THESE are glorious days at Recep Tayyip Erdogan Stadium, a tidy 14,000-seat football ground perched on a steep hillside in the Kasimpasa district of Istanbul—and named after a local lad who became president. Kasimpasa SK are top of the Super Lig, Turkey’s top division, having won their first four games of the season.
The economy over which Mr Erdogan presides, by contrast, is embroiled in a battle for survival. This year the lira has fallen by 40% against the dollar, tumbling especially hard last month after a diplomatic row with America. Inflation is nearly 18%. The central bank, pressed by Mr Erdogan to keep interest rates down, has been slow to react, but on September 13th, even as the president urged a cut, it raised its policy rate by 6.25 percentage points, much more than markets had expected, to 24%. The lira leapt in response.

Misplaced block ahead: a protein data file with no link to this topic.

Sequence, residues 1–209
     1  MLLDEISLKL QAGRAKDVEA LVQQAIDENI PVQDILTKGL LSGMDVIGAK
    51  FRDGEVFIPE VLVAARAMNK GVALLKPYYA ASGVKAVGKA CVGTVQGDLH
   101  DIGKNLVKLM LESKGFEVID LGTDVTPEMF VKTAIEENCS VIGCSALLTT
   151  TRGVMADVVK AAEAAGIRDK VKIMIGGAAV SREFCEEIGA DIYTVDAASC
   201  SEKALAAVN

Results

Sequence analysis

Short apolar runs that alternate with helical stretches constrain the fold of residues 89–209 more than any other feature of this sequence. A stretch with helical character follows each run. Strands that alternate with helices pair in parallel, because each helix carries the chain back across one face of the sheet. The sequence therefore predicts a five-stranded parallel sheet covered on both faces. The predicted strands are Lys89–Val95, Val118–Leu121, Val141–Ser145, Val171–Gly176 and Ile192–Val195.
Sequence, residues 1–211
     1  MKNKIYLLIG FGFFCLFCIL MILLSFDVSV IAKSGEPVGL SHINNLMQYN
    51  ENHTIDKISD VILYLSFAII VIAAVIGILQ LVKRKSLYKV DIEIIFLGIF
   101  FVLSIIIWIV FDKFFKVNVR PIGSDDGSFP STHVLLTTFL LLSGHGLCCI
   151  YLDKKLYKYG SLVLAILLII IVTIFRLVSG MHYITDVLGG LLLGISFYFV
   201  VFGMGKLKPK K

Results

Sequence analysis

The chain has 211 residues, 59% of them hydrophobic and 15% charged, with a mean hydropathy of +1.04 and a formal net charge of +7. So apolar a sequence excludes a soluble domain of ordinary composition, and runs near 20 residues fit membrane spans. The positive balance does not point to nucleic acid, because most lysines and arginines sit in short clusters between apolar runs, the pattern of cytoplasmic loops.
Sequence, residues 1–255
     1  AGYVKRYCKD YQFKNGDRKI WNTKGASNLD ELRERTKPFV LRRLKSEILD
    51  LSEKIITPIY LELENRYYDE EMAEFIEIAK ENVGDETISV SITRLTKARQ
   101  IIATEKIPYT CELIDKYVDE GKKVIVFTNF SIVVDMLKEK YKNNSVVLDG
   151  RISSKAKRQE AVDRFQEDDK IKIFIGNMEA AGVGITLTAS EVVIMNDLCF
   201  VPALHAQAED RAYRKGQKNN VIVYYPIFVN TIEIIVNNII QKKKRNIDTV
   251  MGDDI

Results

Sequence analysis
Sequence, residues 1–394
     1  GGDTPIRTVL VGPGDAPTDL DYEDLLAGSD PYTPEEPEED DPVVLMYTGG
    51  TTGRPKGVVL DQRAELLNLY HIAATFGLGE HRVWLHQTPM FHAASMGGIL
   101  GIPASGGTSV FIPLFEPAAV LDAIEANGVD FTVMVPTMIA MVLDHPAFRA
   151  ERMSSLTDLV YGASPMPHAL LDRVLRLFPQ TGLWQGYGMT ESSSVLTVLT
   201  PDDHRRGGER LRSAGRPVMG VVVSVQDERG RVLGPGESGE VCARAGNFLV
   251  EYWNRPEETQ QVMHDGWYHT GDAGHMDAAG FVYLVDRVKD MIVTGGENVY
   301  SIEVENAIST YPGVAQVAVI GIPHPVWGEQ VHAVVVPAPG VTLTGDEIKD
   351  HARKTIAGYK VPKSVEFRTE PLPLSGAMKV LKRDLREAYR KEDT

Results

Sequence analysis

Turkey’s economy is already slowing sharply. Year on year, growth fell from a breakneck 7.4% in the first quarter to 5.2% in the second. GDP may shrink in the closing months of 2018. The credit that fuelled the boom—much of it from abroad, pushing the current-account deficit to 6% of GDP—is drying up. Adjusted for inflation, bank lending is declining. Even big companies are being quoted borrowing rates of 35%.
Such a sudden halt often spells trouble for banks. Warning signs are flashing. Listed banks’ share prices...